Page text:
Most people under 30 will remember Brando as Colonel Kurtz in Apocalpyse Now. It is nowhere near his best role and he only shows up for a few minutes. But the weight and gravity of his persona comes through so much that it helps make the movie the cult item that it has become today.

I felt Brando was often on auto-pilot when he acted. He seemed to rarely tap into the magnificent talent that he had. Or he would overindulge in some aspect of his performance to the point that he seemed to be in another movie - notably The Missouri Breaks and The Young Lions. Yet even when he was in an awful film he was still fun to watch - or at least listen too with his insouciant, whispering nasal voice.

When he was on nobody was better to watch and for that reason I always hoped some director could come along and tap that energy. [I always hoped a director like Scorsese could have had him in a film]. The closest we got to seeing his greatness late in his career was Andrew Bergman's The Freshman where he rehashed Vito Corleone for comic effect. Now we will just have to look back and remember him for the handful of fine and interesting films that he did. I'd start with One Eyed Jacks an underrated Western that Brando directed (after Kubrick left) and starred in.


His death bed scene in Apocalypse Now was cut to few words; notably "the horror...the horror." When I worked at Film Threat in the mid 1990's we got our hands on a five-a-and-a-half hour version. In that cut Brando's death scene actually lasted 40 minutes. Below is an excerpt from the original death bed scene, which was transcribed from the tape by a friend.
For the full length text of this scene go to my older site here.

[Deep Breaths] I...I...I...I had...I had immense plans. I was on the threshold of great things. And what you've hacked here to the ground like a tree is not the end of it. No, you've also shaken the seeds from that tree. And I will take root in you. I will sprout. I will be nourished by your violence. Nothing. Nothing. To look into the abyss without drawing away is everything. The highest...The highest of honors. To approach the horizon of endurable anguish and to pass it, you must have eyes without eyelids, for if you blink once you will incinerate.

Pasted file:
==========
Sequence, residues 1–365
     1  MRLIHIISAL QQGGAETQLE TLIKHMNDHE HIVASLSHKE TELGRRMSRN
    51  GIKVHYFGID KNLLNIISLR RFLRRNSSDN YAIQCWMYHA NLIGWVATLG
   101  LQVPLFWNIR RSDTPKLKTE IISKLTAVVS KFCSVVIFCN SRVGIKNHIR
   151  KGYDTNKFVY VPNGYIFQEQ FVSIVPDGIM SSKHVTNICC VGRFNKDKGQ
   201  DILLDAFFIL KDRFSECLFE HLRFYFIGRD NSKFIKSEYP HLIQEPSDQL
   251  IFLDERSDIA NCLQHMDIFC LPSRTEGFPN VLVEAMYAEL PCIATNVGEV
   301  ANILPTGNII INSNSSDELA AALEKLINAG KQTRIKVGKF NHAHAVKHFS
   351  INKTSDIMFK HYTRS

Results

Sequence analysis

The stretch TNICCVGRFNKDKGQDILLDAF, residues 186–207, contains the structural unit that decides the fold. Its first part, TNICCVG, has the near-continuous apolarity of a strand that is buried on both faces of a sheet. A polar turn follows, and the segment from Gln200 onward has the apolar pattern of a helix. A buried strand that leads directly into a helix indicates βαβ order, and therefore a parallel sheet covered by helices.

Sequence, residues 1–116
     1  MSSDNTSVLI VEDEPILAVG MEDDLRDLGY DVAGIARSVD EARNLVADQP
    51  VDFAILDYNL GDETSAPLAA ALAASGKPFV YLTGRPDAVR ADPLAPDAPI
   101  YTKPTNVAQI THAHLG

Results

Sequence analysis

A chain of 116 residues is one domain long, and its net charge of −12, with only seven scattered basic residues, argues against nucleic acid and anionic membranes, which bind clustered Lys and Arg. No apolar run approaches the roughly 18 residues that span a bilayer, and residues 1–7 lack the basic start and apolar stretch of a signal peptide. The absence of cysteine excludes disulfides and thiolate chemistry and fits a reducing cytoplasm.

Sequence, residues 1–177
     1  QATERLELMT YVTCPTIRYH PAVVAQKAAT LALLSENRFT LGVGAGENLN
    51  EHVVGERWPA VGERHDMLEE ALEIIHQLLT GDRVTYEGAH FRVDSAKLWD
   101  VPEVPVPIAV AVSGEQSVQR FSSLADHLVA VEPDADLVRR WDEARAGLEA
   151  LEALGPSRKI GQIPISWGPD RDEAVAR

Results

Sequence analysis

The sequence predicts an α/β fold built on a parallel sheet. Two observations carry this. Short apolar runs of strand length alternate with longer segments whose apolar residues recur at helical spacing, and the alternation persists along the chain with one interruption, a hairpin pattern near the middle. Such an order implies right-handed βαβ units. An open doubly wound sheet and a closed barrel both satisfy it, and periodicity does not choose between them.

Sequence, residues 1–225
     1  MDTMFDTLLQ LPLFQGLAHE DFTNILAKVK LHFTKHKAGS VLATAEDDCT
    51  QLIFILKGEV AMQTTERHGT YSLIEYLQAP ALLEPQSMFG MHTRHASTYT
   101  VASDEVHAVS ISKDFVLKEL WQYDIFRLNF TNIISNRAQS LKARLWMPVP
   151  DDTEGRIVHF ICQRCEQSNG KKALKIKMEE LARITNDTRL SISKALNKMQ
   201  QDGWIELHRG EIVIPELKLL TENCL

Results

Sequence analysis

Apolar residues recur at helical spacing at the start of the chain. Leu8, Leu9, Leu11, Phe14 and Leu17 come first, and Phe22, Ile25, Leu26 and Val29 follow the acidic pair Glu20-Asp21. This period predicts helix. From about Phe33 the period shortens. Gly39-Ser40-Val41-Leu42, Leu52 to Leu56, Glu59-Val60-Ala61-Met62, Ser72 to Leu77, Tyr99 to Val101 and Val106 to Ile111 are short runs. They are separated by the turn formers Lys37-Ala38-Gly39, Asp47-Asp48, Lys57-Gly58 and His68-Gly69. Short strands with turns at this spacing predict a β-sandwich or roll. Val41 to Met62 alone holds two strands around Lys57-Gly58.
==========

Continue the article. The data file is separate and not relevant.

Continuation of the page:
Yes. Put the rings in their noses. Call it God. And Country. And Mother. Then you run a slim cord through the rings of all of them--ten milluon, a hundred million or more -- and herd them wherever you will.

The human animal has no limits. He will generate a force to overcome the gravitational pull of society and fling himself into outerspace to find a new orbit around Jupiter or the sun, determined by far greater forces.
Stay with the primitive here. Stay with these people. Stay with them. They're small feathers in this hurricane of change, this whirlwind. But they know, they understand, they're made of the Earth. They live without fear. They do not hide in masks of guilt. Platinum. Platinum. There are some things, there are some things of which I cannot, I dare not speak....



Thursday, July 01, 2004

Discovery of Olde Time Stuff...

His brow was sad, his mouth was dry;
It was the first day of July,
And where, all parched and scorched it hung,
These words was stenciled on his tongue:
"No beer, no work."

Who was Ellis Parker Butler?
Why, he was an American author, humorist and speaker born in 1869 who wrote over 30 books and 2000 short stories and essays before he died in 1937. [Okay, he had a series of stories called 'Betty Bliss' and another called 'Billy Brad' so he wasn't Henry James. But, come on, he did write the poem, 'No Beer, No Work']

I didn’t know a thing about him until I stumbled upon this fine site while looking for something completely unrelated.

The site includes a reading room with a bunch of his stories and essays and an amazing gallery of old magazine covers, which used to feature his writing.

Magazines such as American Girl Magazine and Judge Magazine. The print quality of the galleries is exceptional.